The Buccaneers may try to give QB Shaun King some help on offense through free agency
One Buccaneer Place may be 20 minutes from the beach and 10 miles from Busch Gardens, but it is smack dab next to Tampa International Airport. That may be a nice convenience this week, as the Tampa Bay Buccaneers' headquarters could prove to be an attraction for a certain type of high-profile tourist in the coming days.
The National Football League's free agency period began on Friday, February 11. Until then, potential free agents could not be contacted by representatives of other teams. Like some other teams, the Buccaneers wasted no time on Friday, immediately putting their long-distance plan to the test. On Monday, the team's pro personnel department confirmed that the Buccaneers have arranged up to five potential free agent visits this week.
As usual, plans such as these can be rearranged when signings by the Buccaneers or other teams occur. Nevertheless, the busy week for the Bucs' pro personnel department indicates that Tampa Bay is taking an aggressive approach to the 2000 free agency period. If not uncharted territory for the team, it is at least somewhat unfamiliar, as the Buccaneers have been mostly free agency bystanders in recent years. That was the product of two equal factors: Tampa Bay is a team that relies on the draft for the majority of its team-building and the Bucs have had little cap room before this season.
And the Bucs are not merely window-shopping. "We would like to sign a couple guys," said General Manager Rich McKay. "There's no question that we are targeting some guys and would like to sign one or two of them. It's not going to happen Monday, it may take a couple weeks, but we do anticipate signing some guys."
The Buccaneers will not disclose which NFL free agents are in town until the conclusion of the visit. However, General Manager Rich McKay did indicate on Friday that the team is most concerned with players to help the team's 28th-ranked offense. "I think that's accurate," said McKay. "I see the defensive players we would look at as being of the secondary type – not in terms of position but priority.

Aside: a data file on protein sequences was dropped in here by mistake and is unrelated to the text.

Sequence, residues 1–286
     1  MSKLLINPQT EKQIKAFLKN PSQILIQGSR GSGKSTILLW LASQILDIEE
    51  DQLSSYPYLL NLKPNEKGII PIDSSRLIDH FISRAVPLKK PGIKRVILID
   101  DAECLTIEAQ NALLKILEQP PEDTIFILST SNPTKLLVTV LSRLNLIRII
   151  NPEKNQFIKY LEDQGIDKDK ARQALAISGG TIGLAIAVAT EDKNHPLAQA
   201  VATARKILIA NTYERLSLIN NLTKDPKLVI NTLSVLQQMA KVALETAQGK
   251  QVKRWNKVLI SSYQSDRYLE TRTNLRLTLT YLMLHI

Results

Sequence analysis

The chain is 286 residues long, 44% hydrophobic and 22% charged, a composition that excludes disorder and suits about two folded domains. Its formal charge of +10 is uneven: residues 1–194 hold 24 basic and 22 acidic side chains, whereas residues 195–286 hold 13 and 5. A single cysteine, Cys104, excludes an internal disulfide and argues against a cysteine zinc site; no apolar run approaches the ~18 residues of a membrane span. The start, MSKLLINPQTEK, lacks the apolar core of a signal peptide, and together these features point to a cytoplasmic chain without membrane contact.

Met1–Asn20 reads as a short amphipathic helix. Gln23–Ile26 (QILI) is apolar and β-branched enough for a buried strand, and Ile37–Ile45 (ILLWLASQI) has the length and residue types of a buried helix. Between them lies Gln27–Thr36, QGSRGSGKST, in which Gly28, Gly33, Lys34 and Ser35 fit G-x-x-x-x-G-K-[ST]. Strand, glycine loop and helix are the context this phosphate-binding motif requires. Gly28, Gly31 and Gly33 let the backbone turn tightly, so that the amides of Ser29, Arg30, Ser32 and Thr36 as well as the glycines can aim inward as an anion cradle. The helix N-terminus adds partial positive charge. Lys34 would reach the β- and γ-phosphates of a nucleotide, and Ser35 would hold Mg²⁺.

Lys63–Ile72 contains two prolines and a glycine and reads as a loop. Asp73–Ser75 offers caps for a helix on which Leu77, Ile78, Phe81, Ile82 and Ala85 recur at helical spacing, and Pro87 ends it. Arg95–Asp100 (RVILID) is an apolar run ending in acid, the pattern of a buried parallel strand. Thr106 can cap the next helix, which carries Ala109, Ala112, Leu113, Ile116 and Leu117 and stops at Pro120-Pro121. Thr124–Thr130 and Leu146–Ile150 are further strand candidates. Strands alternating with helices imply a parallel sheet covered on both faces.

"We've got a little bit of a plan," added McKay, "and I think that plan will become pretty apparent when you see all the people that come in here and the fact that they all play similar positions. We're pretty comfortable that this year, there's a little bit more depth in this market than there's been in a couple of years."
Still, one should not think that the Buccaneers have abandoned their draft-first strategy with this headfirst plunge into free agency. Tampa Bay is in the classic position of being a real Super Bowl contender which feels only a few specific upgrades are necessary to keep the team in prime contention. The Bucs are in that position mostly because of their success on draft day and the development and long-term signing of the fruits of those drafts. The team currently combines a very strong core with a helpful amount of salary-cap breathing room.
"We've got some room," said McKay, "but we've got some players of our own we're trying to sign back, which accounts for some of that room, and we've got two number-one draft picks that accounts for more of that room. So it's not like we're flush, but we're certainly a lot better than last year. We're in a position that we could sign a player or two, but we're not like some teams that have a ton of room. We're different, too, in that we have a lot of players under contract. We have 51 players under contract and I'd say the average in the league is probably mid-30s. Some teams have a lot of room, but also don't have very many players."
Indeed, some teams are starting off in the direction of * less players *before going back in the other direction, as some recognizable names have hit the waiver wire in the last week. That adds to the potential free agent crop, and could continue to do so throughout the spring as teams adjust.
"I don't remember a year where so many guys have come on the list in the last few days," said McKay, "and I think still more are to come. So it will be an interesting offseason. I don't think anyone's roster will be set until July. There are a lot of teams that have salary cap issues, and some of these players are true 'salary-cap casualties.'"
The Bucs have not been forced into any cap-slashing moves this season, though they could still lose any of the team's 18 free agents (11 unrestricted, seven restricted) to another bidder. McKay indicated on Friday that the team has taken steps in their attempts to retain their valued free agents, but also stated that he would not be providing specifics on those negotiations. It is perhaps enough in the eyes of Buccaneer fans that the team is taking an aggressive approach, and that certainly applies to the wooing of other team's free agents as well. That means, stay tuned because the next few weeks could be busy ones, for the Bucs and Tampa International.